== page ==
The tense, anxious undercurrents in Alan J. Pakula’s directorial approach and the signature inky-black cinematography of Gordon Willis are the crucial elements that contribute to the general tone of Pakula’s ‘paranoid trilogy’, comprising of Klute (1971), The Parallax View (1974), and All the President’s Men (1976). The endless speculations in the aftermath of JFK and Robert Kennedy’s assassination, Vietnam War, the infamous Watergate scandal activated a growing sense of mistrust among the American public on the nation’s political set-up.
One resilient all-American hero (picture James Stewart) stood for ‘what’s right’ in Frank Capra’s cinema (Mr. Smith Goes to Washington, 1939). But from John Frankenheimer’s The Manchurian Candidate (1962), the system was shown to be bigger and deceptive than the ‘good intentions’ of altruistic individuals. Hence, the web of lies, cover-ups, and conspiracies designed by the political establishment and big business to uphold the ideological and economic interests of few naturally became the primary theme of 70s paranoid thrillers.
In most of the films in this cycle, the merging of factual details and theories of the conspiracy weren’t done with didactic dialogues, but by employing meticulous, profound, and riveting aesthetics that also worked as a study in suspense. Hitchcock and Antonioni’s films have had made some influence in creating the ‘Nixonian’ atmosphere: from Coppola’s The Conversation, Alan Pakula’s paranoid trilogy to Pollack’s Three Days of Condor and De Palma’s Blow Out. The result was filmed that were a little harder to follow in the moment but potent and profound in retrospect.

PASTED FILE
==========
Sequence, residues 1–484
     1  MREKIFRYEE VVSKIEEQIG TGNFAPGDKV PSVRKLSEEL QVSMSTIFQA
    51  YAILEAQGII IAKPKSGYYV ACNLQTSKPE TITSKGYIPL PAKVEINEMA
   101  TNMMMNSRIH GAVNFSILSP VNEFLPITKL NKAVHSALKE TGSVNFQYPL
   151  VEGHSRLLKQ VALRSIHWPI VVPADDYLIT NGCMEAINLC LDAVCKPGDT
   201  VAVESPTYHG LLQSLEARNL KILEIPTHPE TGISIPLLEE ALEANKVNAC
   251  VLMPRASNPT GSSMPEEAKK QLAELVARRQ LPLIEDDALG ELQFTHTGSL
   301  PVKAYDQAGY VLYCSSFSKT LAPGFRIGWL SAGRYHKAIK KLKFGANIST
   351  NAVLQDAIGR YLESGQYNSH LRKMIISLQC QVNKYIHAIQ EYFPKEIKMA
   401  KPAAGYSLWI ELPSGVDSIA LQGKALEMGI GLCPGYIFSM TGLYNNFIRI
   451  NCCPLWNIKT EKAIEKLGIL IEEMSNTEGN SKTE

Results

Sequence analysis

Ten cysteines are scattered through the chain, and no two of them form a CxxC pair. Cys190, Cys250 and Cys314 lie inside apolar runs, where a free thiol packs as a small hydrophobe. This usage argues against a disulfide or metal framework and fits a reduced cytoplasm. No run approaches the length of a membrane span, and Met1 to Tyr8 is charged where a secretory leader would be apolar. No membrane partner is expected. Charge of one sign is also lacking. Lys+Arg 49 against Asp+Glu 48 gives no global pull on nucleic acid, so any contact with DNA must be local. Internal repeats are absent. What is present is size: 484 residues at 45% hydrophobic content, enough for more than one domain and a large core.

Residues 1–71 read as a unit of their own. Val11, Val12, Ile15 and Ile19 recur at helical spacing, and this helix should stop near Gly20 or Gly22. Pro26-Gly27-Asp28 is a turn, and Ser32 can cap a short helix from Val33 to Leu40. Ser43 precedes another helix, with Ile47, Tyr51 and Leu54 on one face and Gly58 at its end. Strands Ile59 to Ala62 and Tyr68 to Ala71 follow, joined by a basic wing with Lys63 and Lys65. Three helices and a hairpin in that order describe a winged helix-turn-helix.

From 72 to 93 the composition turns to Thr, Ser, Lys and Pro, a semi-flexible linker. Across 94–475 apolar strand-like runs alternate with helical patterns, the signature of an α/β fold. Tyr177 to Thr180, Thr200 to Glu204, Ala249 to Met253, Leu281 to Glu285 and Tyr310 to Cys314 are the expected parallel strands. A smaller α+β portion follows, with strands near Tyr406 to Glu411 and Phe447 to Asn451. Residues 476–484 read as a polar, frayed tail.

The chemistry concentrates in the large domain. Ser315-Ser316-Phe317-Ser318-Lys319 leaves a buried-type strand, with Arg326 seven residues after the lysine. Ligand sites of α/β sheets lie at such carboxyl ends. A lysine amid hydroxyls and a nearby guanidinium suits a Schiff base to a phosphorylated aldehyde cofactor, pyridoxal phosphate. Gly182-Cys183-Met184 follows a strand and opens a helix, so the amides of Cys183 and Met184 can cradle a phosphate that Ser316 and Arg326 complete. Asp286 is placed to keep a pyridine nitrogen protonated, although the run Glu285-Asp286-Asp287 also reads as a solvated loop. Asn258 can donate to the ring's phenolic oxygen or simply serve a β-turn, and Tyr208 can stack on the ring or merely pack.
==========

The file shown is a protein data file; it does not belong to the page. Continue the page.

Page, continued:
While Klute (1971) established Pakula as a respectable director of drama genre and bestowed Jane Fonda with an Oscar & Golden Globe, and All the President’s Men (1976) still remains as the go-to movie for investigative journalism, The Parallax View (1974) received mixed reviews and was a box-office failure. But damn the first impressions as the film’s reputation has grown over the years, whose impalpable sense of paranoia resonates a lot with our post-truth society.
Based on Lorenzo Singer’s 1970 novel, The Parallax view was adapted to screen by David Giler and Lorenzo Semple Jr. The writing was considered to be politically savvy, largely driven by the awareness following the exposure of Watergate Scandal (in 1972). As the title suggests, point of view plays an important role in this suspense story, forging an unexpectedly harrowing political commentary. The film opens on a sunlit Seattle, buzzing with Fourth of July parade. Amidst the activities, a winsome US Senator (also the presidential candidate), his lovely wife and their entourage parties atop the Seatttle Space Needle. A Bobby Kennedy-type assassination follows, and the cornered waiter-assasin plunges to his death. After months of investigation, a government inquiry concludes that a lone madman was responsible for the Senator’s death and subsequently dismisses the conspiracy theories.